Trilogy of Terror, easily one of the best remembered yet most often misremembered TV movies of the 70’s. When people think of Trilogy of Terror (assuming they even know what it is) they’re instantly going to remember the Zuni fetish doll, the film’s most marketable villain. Hell, they’ll probably remember that damn doll over Karen Black (House of 1000 Corpses, Airport), the star of the film. Yet, in reality, the Zuni fetish doll only factors into a third of the movie. The *best* third of the movie, but it still doesn’t encompass the entire film, which leads to numerous disappointments.
Trilogy of Terror is a made-for-TV movie from 1974, consisting of 3 segments, all written by Richard Matheson (of Twilight Zone and Kolchak: the Nightstalker-fame). The first installment, “Julie”, focuses on an uptight college lit professor (Karen Black) who is forcibly seduced and then blackmailed by one of her more malicious students. The overall story isn’t very terrifying and the twist-ending is altogether very weak. It’s the worst installment in the film and a very poor way to get things rolling.
The second story, “Millicent and Therese”, is a few degrees better. This one focuses on two twin sisters living alone in a mansion. Millicent (Karen Black) is the bookish, quiet one while Therese (Karen Black) is the loud, obnoxious, drunken whore. Their relationship starts to strain after their father dies and the two grow increasingly paranoid of one-another. Eventually, they begin planning to murder each other. The story is rather slow-moving but the pay-off at the end is pretty good. Still, it just isn’t anything to write home about. And, I’m very sorry to say this, but Karen Black just isn’t very attractive. All these stories try to turn her into a kinky sex icon and it’s just not happening. Maybe I was just born in the wrong decade and the 70’s idea of “hot” just doesn’t gel with my standards. I dunno.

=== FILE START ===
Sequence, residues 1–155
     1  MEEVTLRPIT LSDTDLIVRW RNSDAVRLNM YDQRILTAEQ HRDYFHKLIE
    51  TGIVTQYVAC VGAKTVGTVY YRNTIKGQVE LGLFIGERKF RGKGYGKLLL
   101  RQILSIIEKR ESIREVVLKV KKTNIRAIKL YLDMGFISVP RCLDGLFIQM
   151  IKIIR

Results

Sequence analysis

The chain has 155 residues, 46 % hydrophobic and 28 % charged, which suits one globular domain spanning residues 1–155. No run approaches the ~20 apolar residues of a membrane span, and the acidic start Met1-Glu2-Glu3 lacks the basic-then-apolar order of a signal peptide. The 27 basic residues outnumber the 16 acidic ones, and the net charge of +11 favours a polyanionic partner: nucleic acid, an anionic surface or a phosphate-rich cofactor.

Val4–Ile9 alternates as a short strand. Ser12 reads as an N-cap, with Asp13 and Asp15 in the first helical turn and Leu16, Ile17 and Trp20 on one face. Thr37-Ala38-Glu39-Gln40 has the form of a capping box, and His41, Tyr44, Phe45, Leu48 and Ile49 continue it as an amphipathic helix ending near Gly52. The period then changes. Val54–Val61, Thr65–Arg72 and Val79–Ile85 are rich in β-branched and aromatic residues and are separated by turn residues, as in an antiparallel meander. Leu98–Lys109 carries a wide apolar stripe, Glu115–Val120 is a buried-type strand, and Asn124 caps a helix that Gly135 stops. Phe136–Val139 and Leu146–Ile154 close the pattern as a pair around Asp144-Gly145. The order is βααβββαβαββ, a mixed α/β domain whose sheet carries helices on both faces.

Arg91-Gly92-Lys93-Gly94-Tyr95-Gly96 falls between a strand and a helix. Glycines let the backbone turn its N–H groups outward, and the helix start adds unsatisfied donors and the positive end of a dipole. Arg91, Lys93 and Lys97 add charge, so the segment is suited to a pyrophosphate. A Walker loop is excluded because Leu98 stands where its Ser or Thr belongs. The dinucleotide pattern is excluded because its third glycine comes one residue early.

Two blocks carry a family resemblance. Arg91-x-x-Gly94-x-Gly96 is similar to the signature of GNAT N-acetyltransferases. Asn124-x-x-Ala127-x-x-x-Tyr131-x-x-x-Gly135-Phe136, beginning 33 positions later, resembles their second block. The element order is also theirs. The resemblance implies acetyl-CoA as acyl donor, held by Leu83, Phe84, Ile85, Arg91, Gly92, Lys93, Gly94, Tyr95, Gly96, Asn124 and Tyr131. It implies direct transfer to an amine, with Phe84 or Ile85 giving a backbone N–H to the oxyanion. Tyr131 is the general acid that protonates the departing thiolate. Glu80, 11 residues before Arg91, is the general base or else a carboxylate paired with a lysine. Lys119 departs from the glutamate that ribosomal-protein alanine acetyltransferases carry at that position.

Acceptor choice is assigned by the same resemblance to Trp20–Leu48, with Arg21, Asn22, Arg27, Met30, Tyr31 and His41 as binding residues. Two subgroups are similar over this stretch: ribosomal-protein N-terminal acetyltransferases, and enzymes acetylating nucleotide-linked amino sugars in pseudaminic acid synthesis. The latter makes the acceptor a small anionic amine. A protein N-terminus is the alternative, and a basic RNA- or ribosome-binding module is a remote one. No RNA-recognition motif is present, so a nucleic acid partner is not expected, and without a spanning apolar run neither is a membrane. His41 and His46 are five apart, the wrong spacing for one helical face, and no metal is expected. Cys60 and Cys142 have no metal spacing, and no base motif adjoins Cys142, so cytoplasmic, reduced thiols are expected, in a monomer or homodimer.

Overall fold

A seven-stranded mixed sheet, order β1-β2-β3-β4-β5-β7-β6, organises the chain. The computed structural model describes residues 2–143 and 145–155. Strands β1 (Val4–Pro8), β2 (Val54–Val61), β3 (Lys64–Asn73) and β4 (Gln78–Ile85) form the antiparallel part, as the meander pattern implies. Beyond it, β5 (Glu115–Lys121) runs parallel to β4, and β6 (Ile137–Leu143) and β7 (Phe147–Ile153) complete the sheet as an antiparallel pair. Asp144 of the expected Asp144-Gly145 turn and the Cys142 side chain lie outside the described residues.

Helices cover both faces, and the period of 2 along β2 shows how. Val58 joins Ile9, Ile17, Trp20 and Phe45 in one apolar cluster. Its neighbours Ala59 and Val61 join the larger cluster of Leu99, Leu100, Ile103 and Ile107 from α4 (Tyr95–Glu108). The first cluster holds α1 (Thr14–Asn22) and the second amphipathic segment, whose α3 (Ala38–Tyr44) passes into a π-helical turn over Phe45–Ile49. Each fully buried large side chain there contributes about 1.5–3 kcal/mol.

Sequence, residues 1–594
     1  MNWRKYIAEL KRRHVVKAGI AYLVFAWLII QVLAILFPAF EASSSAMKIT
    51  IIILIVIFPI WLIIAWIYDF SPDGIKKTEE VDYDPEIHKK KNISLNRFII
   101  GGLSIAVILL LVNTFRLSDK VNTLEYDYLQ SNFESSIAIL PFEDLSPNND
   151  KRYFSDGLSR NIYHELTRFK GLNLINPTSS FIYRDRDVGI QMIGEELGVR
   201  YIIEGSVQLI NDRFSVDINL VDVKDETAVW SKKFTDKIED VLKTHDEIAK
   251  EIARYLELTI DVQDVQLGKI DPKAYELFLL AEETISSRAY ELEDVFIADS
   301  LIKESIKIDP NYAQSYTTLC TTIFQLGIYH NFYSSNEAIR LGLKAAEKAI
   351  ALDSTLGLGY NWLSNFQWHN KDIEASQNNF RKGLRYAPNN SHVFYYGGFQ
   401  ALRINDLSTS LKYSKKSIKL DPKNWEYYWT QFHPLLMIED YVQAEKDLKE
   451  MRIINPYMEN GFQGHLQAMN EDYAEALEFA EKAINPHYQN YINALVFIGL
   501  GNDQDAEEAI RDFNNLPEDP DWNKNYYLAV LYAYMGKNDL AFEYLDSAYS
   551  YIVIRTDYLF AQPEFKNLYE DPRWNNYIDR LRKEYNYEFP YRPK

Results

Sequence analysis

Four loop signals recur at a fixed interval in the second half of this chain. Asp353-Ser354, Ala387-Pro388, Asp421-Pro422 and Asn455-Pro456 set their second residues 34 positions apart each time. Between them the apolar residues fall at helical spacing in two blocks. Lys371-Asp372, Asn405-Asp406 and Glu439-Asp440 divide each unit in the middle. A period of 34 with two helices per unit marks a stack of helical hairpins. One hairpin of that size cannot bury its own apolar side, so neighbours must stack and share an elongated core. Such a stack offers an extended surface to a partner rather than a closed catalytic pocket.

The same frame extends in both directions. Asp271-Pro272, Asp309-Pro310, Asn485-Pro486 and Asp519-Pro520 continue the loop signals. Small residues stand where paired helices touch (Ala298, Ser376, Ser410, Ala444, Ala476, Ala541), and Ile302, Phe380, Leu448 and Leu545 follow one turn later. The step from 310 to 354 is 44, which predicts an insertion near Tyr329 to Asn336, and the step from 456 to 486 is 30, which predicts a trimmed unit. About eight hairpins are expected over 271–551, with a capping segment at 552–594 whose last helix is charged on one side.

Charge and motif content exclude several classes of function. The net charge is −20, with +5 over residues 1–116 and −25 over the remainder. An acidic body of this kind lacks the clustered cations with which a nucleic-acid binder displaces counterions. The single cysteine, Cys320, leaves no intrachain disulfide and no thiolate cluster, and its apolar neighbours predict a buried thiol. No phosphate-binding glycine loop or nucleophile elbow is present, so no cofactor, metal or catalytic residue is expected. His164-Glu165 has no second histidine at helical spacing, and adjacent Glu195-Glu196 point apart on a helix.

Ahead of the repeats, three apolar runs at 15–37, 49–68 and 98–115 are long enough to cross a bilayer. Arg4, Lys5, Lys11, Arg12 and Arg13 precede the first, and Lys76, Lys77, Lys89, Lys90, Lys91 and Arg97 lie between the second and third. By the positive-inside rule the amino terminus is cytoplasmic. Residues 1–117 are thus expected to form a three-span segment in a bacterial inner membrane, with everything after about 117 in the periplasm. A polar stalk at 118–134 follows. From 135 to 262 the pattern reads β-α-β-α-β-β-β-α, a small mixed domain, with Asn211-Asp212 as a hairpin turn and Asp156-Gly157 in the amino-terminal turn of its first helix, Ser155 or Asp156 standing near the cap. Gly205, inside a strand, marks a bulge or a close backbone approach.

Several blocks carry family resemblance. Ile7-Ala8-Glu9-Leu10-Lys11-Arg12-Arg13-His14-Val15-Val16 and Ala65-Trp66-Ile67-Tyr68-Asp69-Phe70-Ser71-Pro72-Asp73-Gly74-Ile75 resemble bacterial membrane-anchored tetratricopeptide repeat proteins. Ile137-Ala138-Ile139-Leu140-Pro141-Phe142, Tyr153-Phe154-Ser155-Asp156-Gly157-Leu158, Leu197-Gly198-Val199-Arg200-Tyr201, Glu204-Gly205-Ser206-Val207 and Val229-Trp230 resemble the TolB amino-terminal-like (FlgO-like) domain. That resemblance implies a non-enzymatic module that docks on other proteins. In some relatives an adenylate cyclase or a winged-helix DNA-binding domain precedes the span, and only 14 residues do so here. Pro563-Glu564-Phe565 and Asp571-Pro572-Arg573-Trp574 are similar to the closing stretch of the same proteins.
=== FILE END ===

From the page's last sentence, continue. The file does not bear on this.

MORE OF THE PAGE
The final story, “Amelia”, based on Richard Matheson’s short story “Prey”, is where things *really* pick up. Amelia (Karen Black) buys a wooden Zuni fetish doll at a curiosities store for her boyfriend. The doll supposedly has the soul of an ancient Zuni warrior trapped inside of it and the only thing preventing the soul from taking over the doll is a golden chain tied around its waist. Well, wouldn’t you know it? Amelia accidentally knocks the chain off and the doll comes to life. The doll then chases her around the apartment with a paring knife and tries to kill her. The story starts off rather modestly, with Amelia having a long, drawn-out argument over the phone with her mother, drawing a bath and doing other things to build tension. When the doll comes to life it takes its time revealing itself. First knives start to vanish, the lights go out and you hear tiny footsteps pattering all over the apartment. When the doll finally shows up its done extremely well, really surprising the audience. The Zuni doll-itself is very creepy-looking which makes up for some of the unsatisfying puppetry. There’s a lot of shaky camera work to keep you from getting a clear look at the doll, at least whenever it’s in motion. This was done to try and prevent the audience from noticing how unconvincing its movements were. Still, the little fella has a *lot* of personality, screaming psychotic gibberish and running around the apartment at lightspeed. Puts guys like Chucky to shame.
Trilogy of Terror has 1 good segment out of 3, which in most circumstances would make it a total failure. However, that one good segment is extremely good, hence how this low-budget 70’s TV movie still manages to make the rounds today. It eventually spawned a made-for-TV sequel in the mid 90’s, Trilogy of Terror 2, which I actually enjoyed more than this one. Still, the original earns itself a C solely for the “Amelia” segment.